Skip to main content

Frisco STYLE Magazine

What Would You Do?

Nov 01, 2021 ● By Bob Warren

I have been polling my friends and neighbors, asking them the question, “What would you do if the doctor told you that you have only four to six weeks to live?” 

As you might guess, the answers have varied – indeed, they have varied all over the map.

Most answers, after a few moments of thought, have been serious, but some were surprisingly funny, such as, “I would choose the four weeks;” “I would get a second opinion;” “I would take out a million-dollar life insurance policy;” and, “I would take a hot air balloon and just keep going up to Heaven.”

Then, on the more serious side, were several such as “I would try to enjoy four-to-six weeks of good health so I could visit with friends and relatives, gather my family around me, pray and spend as much time as possible with them.” “I would like to take my family on a cruise.” One said he wanted to play one more round of golf. Another said, “I would get right with the Lord, get my will and affairs in order and travel – see the world.” To cap it off, one fellow said, “I’m grateful for the years I’ve had, so I’m going to shout, 'Hallelujah I’m ready to meet the Lord.'”

These are some of the lengthier replies, which are listed individually:

“I would spend as much time as possible with people I love. I would contact people who made a difference in my life, thanking them for what they did, whether it was words of encouragement or a kind deed. I think that acknowledging those kindnesses makes a difference in their lives.”

“I would make sure I reached out to everyone close to me to tell them how much I love them, how thankful I am to have had them in my life and how much they have done for me. I would want to make sure I had any loose ends tied/cleaned up, whether it’s projects, my will or distraught relationships. Then I would want to travel and see things I’ve only dreamt of seeing.”

“I would: 1) Travel out of state to see my extended family and spend time with them. 2) Attempt to write a memoir of my life experiences and what I’ve learned from those situations.  I think compiling all that together would be very cathartic in accepting your own mortality. 3) Reach out to those in my immediate circle and explain to them how much I’ve appreciated and loved them. 4) Lastly, I’d eat fast food, pizza and cake every meal.”

“My priority would have
been to focus on the five F’s in my life. All my time would be spent strengthening these F’s in the following order:

Faith: Share my confidence and security for my life after death based on my relationship with God through his Son.

Family: Spend maximum time with my loved ones, sharing my memories and, most of all, my undying love for them.

Friends: Strengthening and restoring my relationships.

Finances: Making sure all things are in order to take care of those I leave behind.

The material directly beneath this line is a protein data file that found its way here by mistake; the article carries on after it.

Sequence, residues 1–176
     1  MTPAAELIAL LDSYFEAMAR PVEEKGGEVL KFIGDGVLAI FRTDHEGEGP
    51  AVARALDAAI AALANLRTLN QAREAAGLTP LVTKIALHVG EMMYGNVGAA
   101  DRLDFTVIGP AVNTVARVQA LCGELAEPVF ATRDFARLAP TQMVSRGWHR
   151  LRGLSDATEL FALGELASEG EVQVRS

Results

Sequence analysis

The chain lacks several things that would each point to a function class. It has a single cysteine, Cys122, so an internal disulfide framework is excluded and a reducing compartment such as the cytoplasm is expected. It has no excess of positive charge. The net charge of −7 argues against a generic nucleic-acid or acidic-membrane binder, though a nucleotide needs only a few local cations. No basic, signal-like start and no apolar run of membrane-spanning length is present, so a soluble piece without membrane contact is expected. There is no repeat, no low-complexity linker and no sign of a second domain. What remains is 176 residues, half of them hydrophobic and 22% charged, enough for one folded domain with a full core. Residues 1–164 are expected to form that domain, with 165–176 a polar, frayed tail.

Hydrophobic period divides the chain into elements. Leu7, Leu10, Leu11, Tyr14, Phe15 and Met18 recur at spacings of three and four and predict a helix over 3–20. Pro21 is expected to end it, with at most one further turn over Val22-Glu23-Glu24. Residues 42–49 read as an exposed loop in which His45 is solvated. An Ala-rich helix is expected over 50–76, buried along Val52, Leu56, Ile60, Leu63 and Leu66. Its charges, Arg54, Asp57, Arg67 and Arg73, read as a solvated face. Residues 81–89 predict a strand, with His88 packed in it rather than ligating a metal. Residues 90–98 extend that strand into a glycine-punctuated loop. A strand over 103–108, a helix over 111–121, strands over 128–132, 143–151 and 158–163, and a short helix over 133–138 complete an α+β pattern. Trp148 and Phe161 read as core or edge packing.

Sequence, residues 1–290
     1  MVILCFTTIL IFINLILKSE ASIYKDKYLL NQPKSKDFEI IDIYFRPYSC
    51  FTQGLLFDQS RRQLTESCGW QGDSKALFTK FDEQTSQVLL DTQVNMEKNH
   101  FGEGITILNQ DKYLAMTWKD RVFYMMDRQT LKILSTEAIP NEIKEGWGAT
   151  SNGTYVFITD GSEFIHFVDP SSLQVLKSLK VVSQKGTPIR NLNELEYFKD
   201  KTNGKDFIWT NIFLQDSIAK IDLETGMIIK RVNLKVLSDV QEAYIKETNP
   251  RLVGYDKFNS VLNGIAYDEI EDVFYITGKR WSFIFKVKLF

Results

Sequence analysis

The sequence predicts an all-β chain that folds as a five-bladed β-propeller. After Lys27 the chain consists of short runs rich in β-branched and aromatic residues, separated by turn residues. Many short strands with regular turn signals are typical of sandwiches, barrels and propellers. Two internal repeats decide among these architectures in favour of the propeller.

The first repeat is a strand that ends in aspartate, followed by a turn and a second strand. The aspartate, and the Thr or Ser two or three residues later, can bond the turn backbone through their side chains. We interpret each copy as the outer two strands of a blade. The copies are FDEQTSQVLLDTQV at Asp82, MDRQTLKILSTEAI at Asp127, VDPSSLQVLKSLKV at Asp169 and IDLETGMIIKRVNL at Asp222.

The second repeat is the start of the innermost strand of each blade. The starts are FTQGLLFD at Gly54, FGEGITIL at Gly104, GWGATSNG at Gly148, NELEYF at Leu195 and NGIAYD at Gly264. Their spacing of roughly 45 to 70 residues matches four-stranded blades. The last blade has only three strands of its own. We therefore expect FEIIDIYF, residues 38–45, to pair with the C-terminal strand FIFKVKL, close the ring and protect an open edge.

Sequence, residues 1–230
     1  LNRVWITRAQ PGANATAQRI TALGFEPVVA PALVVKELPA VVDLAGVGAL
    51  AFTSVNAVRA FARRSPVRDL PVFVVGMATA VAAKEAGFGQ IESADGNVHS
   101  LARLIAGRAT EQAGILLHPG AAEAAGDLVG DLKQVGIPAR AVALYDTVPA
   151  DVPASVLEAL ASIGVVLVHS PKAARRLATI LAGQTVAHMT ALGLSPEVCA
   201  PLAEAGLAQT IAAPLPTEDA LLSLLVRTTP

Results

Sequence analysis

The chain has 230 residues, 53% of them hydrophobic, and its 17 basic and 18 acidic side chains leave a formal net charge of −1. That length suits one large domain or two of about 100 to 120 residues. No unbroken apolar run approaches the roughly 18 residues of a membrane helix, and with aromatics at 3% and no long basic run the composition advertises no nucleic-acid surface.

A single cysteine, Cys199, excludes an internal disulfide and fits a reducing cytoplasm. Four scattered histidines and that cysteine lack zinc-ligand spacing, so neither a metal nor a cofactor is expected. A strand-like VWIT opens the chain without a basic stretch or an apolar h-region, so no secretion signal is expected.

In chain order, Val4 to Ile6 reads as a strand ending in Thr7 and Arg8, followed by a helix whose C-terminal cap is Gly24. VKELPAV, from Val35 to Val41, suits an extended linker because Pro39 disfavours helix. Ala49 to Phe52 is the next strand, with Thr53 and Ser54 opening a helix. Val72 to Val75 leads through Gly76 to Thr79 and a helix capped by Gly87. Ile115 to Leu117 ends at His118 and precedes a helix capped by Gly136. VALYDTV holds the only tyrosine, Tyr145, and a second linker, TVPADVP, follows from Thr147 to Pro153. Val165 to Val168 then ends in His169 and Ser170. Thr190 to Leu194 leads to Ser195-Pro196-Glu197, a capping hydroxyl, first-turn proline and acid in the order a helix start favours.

Fun: Face each day with joy, peace and hope.”

“I would sell all my assets and belongings and take a trip around the world with my wife. I would want to go to Japan, Fiji and Alaska.”

“I would get a second opinion. … Make sure all my affairs are in order (inheritance is allocated appropriately). Plan a family get-together to see/visit with everyone. I would spend as much time with my family as possible.”

“After fretting a bit over my impending end, I would pack a bag, round up my kids and hop a flight to Italy so we could eat our way through the country while making incredible memories.”

And, lastly, my thoughts:

I would try to visit as many of my friends and family as possible. They are scattered all over the map and many of them I have not seen in ages. Then I would settle down to spend my last days praying, knowing where my next “home” will be and looking forward to seeing those who have gone on before me. By the way, I would hope, as many of the obituaries say, “to die peacefully, surrounded by my loved ones.”

In closing I want to ask you, my readers, a question: Are you sure of your afterlife destination? I realize you are from many cultures that have varied beliefs regarding life after death, but if you don’t mind, let me tell you what I believe – and why. 

I am of what is called the Protestant religion and we believe our guidebook, the Bible, is God’s word. My Bible says, in the book of Acts, Chapter 16, verse 30, “Believe on the Lord Jesus and you will be saved.” Then, in the book of Romans, Chapter 10, verse 9, it says, “For if you tell others with your own mouth that Jesus Christ is your Lord, and believe in your own heart that God has raised him from the dead, you will be saved.”

Thank you for reading, and I hope to see you in Heaven when the time comes.

Bob Warren is a local historian, former mayor of Frisco and a regular contributor to Frisco STYLE Magazine.